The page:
Share your memories with our Transportation Memories Survey
We need your help to tell us what you remember about transportation in Tulsa. That means trains, planes, automobiles, and boats, wagons, and bicycles too. What do you remember about learning to ride a bike or drive a car? What is the strangest type of transportation you’ve ever used? Do you remember when there were still trolleys or streetcars in Tulsa? (Or have you heard stories about them?)
Fill out our online survey to help us collect information for our exhibit. Your memories will help us tell Tulsa’s stories and preserve local history.
Create your own user feedback survey
Bus Trip: October 17-18, 2016
Coal and Lumber Industries in Oklahoma
Henyetta, McAlester, Broken Bow, Hugo
What do the coal and lumber industry, Italian food, native wildlife and the circus have in common? Join us in October to learn the answers as we travel by bus to Southeastern Oklahoma. Beautiful scenery, fun adventures, great food, and special surprises are guaranteed – just bring your wanderlust!
For a full itinerary – CLICK HERE.
To register, print off THIS FORM and mail in with full payment.
UNMASKED: The Rise & Fall of the 1920s Ku Klux Klan
Author: Ann Patton
Book-signing, Saturday, June 4th
Come and Go 1 – 3 PM
Ann Patton’s newest book that tells the gripping tale of the 1920s Ku Klux Klan, its mesmerizing young leader David Curtis Stephenson, his rise to soaring power, and the brutal rape and murder that killed the Klan empire.
Throngs of Americans rallied at the feet of Grand Dragon Stephenson, a blond charmer who was marketing hate as a political weapon, with violent undertones and vast fiscal rewards. In the process, he was melding his followers into a polished political machine that could not be stopped.
At its height, the movement captured the loyalty of millions around the nation, and it worked like magic – for a while. But on his way to the White House, he stumbled in the arms of a young woman, and his evil empire crumbled, tarnishing all it touched.
This new true-crime political story is the latest book by Ann Patton, writer and consultant based in Tulsa and Orlando. She was an award-winning Tulsa journalist and program manager. Her other recent books include “The Tulsa River” and “Dan’s War on Poverty,” both local histories of significant stories.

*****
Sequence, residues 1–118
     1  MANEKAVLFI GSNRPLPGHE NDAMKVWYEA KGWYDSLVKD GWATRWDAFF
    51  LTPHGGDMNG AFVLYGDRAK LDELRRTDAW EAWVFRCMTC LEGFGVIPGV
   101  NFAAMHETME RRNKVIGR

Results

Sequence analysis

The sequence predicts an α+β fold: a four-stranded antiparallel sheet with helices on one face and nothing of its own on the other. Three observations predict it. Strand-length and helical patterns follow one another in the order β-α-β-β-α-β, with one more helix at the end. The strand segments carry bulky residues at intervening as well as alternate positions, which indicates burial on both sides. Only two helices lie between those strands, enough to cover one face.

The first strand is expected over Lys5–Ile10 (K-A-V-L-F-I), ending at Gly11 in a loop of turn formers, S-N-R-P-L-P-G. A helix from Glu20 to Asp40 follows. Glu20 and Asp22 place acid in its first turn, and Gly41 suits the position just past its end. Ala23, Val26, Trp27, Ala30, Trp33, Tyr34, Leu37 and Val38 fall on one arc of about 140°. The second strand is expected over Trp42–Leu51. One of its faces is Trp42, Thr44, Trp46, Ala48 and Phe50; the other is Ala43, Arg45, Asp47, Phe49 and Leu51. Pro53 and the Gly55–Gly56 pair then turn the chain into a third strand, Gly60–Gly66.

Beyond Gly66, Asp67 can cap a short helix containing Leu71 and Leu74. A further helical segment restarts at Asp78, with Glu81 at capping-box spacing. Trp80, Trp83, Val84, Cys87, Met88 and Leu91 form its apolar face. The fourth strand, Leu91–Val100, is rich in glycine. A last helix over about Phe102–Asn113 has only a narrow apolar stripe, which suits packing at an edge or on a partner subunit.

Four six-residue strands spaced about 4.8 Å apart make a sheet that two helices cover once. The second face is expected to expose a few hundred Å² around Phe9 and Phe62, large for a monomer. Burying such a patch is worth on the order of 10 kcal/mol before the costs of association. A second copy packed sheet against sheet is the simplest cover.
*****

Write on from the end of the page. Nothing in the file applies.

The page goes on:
The Cold War: The Early Years
Presented by Tulsa Chautauqua
June 7 – 11, 2016
Under a tent on the grounds of the Tulsa Historical Society & Museum
All activities are FREE and open to the public
- Tuesday, June 7th at 7 PM – Nikita Khrushchev by Doug Mishler
- Wednesday, June 8th at 7 PM – Dr. Ralph Bunche by James Holmes Arnstead
- Thursday, June 9th at 7 PM – Eslanda Robeson by Ilene Evans
- Friday, June 10th at 7 PM – Winston Churchill by Kevin Radaker
- Saturday, June 11th at 7 PM – Pete Seeger by Randy Noojin
- Tuesday, June 7th
- Noon: Winston Churchill’s Iron Curtain Speech: It’s Historical Context and Impact (Scholar: Kevin Radaker)
- 5:30 PM: The Family of Man – Social Documentary through Photography (Scholar: Ilene Evans)
- Wednesday, June 8th
- Noon: Pete Seeger: After The Blacklist (Scholar: Randy Noojin)
- 5:30 PM: Winston Churchill and the Bomb During the First Decade of the Cold War (Scholar: Kevin Radaker)
- Thursday, June 9th
- Noon: Aliens, Red Scares, and ISIS: America in Times of Fear (Scholar: Doug Mishler)
- 5:30 PM: The Cold War at Home (Scholar: James Holmes Armstead)
- Friday, June 10th
- Noon: The Cold War and US Foreign Policy (Scholar James Holmes Armstead)
- 5:30 PM: Hootenanny: Pete Seeger Sing-Along (Scholar Randy Noojin)
- Saturday, June 11th
- Noon: Children’s Literature from the Left: 1920-1980 (Scholar: Ilene Evans)
- 5:30 PM: Duck and Cover: The Cold War’s Spies, Lies, Myths and Mistakes (Scholar: Doug Mishler)
For more details about the daily workshops: CLICK HERE